Meet the Member Joe Stoddard
story by Lillian Landreth Many a high school rodeo athlete has been shaped by Joe Stoddard’s contributions to the sport, from his blood relations to […]
story by Lily Weinacht
“I really like the thrill of rodeo. I’m a real big adrenaline junky, and I really like the people involved in it. I’ve never met a better set of people—I’ve wrestled and played football, but I can’t find a better group of people than my rodeo family,” says Cole Brewer. “Everyone is supporting each other the whole way.”
Cole, an 18-year-old roughstock and timed event cowboy from Dupree, South Dakota, started his rodeo career when he was 8, but he’s been part of the Western lifestyle from day one. The son of a steer wrestler and a barrel racer, he grew up on a ranch and competes on both ends of the arena, moving from tie-down roping and steer wrestling to team roping and bull riding in a kind of well-ordered scramble. “I’ve never really had it another way, so I don’t know any different. I like being in all the events that I am, so I can’t complain,” he says. “Whatever I do the best in that day is my favorite. I used to ride broncs, but I got knocked out too many times and had too many broken bones. I quit bronc riding last year, but I’ve been doing pretty good in the bull riding lately.” He qualified for state finals in steer wrestling and tie-down roping, and advanced to the short go in steer wrestling, where he finished ninth in the year-end standings.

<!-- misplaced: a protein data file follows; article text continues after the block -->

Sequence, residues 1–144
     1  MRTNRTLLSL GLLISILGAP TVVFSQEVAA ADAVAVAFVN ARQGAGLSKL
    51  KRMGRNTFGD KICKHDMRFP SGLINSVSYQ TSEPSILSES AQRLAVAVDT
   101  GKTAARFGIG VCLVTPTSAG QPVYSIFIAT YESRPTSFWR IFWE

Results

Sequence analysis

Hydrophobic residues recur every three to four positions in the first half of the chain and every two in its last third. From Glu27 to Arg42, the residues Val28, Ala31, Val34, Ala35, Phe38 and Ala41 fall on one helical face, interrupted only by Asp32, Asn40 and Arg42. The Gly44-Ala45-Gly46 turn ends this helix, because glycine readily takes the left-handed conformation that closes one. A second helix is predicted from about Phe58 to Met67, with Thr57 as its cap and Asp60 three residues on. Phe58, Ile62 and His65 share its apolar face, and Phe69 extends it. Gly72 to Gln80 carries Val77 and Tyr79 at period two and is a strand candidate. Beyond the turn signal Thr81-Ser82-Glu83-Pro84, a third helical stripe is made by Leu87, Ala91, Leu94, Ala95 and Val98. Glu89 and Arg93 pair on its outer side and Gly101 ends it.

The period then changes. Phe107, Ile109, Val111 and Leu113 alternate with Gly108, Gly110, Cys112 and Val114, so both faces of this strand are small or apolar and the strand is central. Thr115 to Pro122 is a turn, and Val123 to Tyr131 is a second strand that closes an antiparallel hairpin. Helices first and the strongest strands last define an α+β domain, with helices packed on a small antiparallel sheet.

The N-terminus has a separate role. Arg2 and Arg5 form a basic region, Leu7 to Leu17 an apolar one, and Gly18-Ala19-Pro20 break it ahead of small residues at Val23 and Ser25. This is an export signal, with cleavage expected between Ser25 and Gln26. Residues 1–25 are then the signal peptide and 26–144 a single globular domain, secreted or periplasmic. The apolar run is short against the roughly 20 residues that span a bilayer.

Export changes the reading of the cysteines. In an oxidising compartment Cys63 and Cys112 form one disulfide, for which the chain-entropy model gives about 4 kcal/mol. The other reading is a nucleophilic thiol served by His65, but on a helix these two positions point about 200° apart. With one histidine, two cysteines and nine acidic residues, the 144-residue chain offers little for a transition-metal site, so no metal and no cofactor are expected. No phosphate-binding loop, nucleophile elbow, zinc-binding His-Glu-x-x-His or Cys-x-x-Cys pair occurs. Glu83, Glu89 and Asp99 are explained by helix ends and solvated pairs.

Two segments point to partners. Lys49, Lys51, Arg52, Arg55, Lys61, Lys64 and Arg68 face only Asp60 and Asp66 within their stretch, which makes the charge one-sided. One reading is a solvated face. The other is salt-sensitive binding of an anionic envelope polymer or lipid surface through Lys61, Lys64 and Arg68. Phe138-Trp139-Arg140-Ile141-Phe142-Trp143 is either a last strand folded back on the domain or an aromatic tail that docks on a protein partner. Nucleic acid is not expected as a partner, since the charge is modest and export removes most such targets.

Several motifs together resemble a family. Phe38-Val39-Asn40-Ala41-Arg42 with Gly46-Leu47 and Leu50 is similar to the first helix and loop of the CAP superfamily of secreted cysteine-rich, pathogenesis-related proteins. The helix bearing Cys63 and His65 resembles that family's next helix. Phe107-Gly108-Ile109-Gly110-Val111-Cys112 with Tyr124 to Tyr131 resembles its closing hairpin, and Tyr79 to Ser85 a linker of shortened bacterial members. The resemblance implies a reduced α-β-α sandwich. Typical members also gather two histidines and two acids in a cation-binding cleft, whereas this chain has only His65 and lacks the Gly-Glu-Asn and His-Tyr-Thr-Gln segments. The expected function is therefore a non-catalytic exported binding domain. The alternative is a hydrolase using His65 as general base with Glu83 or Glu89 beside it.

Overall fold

The sport extends across all of Cole’s family, including his sister Shantell, a sophomore competing in the SDHSRA; their brother, Bobby, a sixth-grader competing in the SDJHRA; and their 8-year-old sister, Jada, who competes in 4-H rodeos. Their parents, Jess and Fanny Brewer, haul them to their rodeos, and the siblings often practice and ride together. “My parents have done so much for me, and I couldn’t be where I am today without them,” says Cole. “I practice every single day, and if I can’t practice, I exercise my timed event horses and get on a bucking machine to stay in shape for riding bulls. I have a bunch of old team roping steers that are really big that I get on. They have just enough buck.” Cole’s rodeo family has also been instrumental in his rodeo career. “Doug Maher and his son Dane Maher have done a lot for me in the bull riding—he has a bucking machine and I go up there once a week and get on, and Doug Young helps me in the calf roping.”
Cole found his calf horse, Jager, a year ago, and says he couldn’t ask for a better one. “I can take him to just about any level and place on him. My steer wrestling horse, Woodrow, is just getting me started—I just started steer wrestling a little over a year ago—and I couldn’t ask for a better horse to start on. My heel horse is Champ. I have quite a few horses I can switch over to, but he’s an older horse who does his job perfect. The people I bought him from won the Indian Finals on him five years ago.” Cole also enjoys riding young horses, starting a handful for his family, and breaking colts for neighbors. The Brewers run beef cattle on their ranch, which has been in the family three generations, and Cole enjoys every bit of the lifestyle. A recent graduate from Dupree High School, he’s attending Sheridan College in Wyoming this fall on a rodeo scholarship and majoring in Ag. business.
“Rodeo is about all I do, if I’m not in another sport like wrestling or football,” says Cole, who also competes in 4-H rodeos, the SDRA, and the Great Plains Indian Rodeo Association as a member of the Cheyenne River Sioux. He qualified for the INFR in Las Vegas in 2015 in the bull riding and breakaway roping, and hopes to return this year. “I want to make the college finals next year. And someday, I’d like to have my own big ranch and be successful at it.”
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